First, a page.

Japanese Knotweed

Japanese Knotweed

There’s so much to think about when you’re looking to move home or get on the property ladder for the first time. You have to worry about getting together a deposit, what neighbourhood you’re in and how you can move all of your stuff to a new place. The last thing you want to consider is that there is a menace out there looking to devalue your property. But this is the reality that many have to live in due to the presence of Japanese Knotweed. Japanese Knotweed is a non-native plant from the Far-East as it’s name suggests, that, like many foreign species, can cause havoc with local indigenous species. In this case, it’s not as much the wildlife that is under threat but British homes. Let’s investigate what it is that makes Knoweed so destructive, and what the impacts are:

How Japanese Knotweed can affect you

Japanese Knotweed can have disastrous consequences for you and those living around you. It is a fast-growing, persistent and constant threat to the integrity of your property structure. It’s not just discovering whether or not it’s there but even trying to get rid of the pest is an ordeal. Here are some of the biggest issues that it can cause:

  • Property value can be slashed, reduced by 10-15% generally, but far more in some cases.
  • Aside from the up-front property value loss, there is the cost of treatment materials or other lesser-discussed costs.
  • The affect on mental health due to stress or stigma from others can be great.
  • Responsibility is a major issues. If you allow Knotweed to spread you may become liable.
  • An estimate 1 – 2% of UK households may be at risk.
  • Estimated damage of £150 million annually.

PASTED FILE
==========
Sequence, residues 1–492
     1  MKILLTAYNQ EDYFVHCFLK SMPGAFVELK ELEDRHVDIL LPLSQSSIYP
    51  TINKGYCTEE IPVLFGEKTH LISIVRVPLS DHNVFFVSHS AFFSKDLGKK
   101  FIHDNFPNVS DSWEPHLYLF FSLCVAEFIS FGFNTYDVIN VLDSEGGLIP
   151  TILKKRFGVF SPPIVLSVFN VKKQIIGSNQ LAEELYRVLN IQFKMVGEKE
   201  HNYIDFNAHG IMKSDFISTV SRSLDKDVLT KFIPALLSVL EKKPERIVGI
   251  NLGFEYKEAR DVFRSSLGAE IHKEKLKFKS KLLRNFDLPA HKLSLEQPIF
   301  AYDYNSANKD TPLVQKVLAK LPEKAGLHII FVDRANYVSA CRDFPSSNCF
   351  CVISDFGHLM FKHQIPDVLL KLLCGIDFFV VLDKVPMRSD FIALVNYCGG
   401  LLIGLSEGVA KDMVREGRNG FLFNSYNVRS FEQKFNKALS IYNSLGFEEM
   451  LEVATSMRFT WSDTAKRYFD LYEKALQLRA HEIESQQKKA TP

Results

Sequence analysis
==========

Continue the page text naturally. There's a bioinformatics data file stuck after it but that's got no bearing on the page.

What does it look like?

Japanese knotweed has some similar weed-like characteristics in general. It has green broad leaves and grows mostly lower down but it has other features. It’s stems are long, hollow, bamboo-like tubes that can grow tremendously depending upon the season.

To add to this, the roots underground can extend for several metres, another reason why it can be so hard to dispose of. Where it blooms, white or pale flowering occur which can set it apart from other plants. It spreads violently, so one tell-tale sign might be the sheer area of land that it occupies. In the winter it is less prevalent, but in the Summer months, it can grow by as much as 10cm a day!

How to get rid of/maintain Japanese Knotweed

You’ll first want to trim over the surface vegetation to make the roots accessible. Then you can use a desired weed killer to finish the job. People can find that the process of gradually ridding your property of this particular weed can take 3 or maybe 5 years, so it’s not quick. Other less effective methods may remove the visible trouble quicker, but over a shorter term and not permanently. Overall, if you find you have Knotweed, you may end up dealing with it far longer than you could have anticipated.

Further articles you may like

https://consumer-rights.org/news/housing-disrepair

https://consumer-rights.org/news/pothole-compensation-on-the-rise

https://consumer-rights.org/news/are-you-owed-cavity-wall-insulation-compensation

https://consumer-rights.org/news/claiming-for-housing-disrepair-damages

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